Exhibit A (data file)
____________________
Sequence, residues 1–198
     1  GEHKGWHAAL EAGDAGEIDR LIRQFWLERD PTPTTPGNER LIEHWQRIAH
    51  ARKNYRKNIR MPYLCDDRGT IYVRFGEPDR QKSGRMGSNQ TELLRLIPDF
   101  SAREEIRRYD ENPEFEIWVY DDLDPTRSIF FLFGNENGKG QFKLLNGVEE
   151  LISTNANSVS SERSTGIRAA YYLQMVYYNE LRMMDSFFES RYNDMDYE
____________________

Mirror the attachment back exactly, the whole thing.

Sequence, residues 1–198
     1  GEHKGWHAAL EAGDAGEIDR LIRQFWLERD PTPTTPGNER LIEHWQRIAH
    51  ARKNYRKNIR MPYLCDDRGT IYVRFGEPDR QKSGRMGSNQ TELLRLIPDF
   101  SAREEIRRYD ENPEFEIWVY DDLDPTRSIF FLFGNENGKG QFKLLNGVEE
   151  LISTNANSVS SERSTGIRAA YYLQMVYYNE LRMMDSFFES RYNDMDYE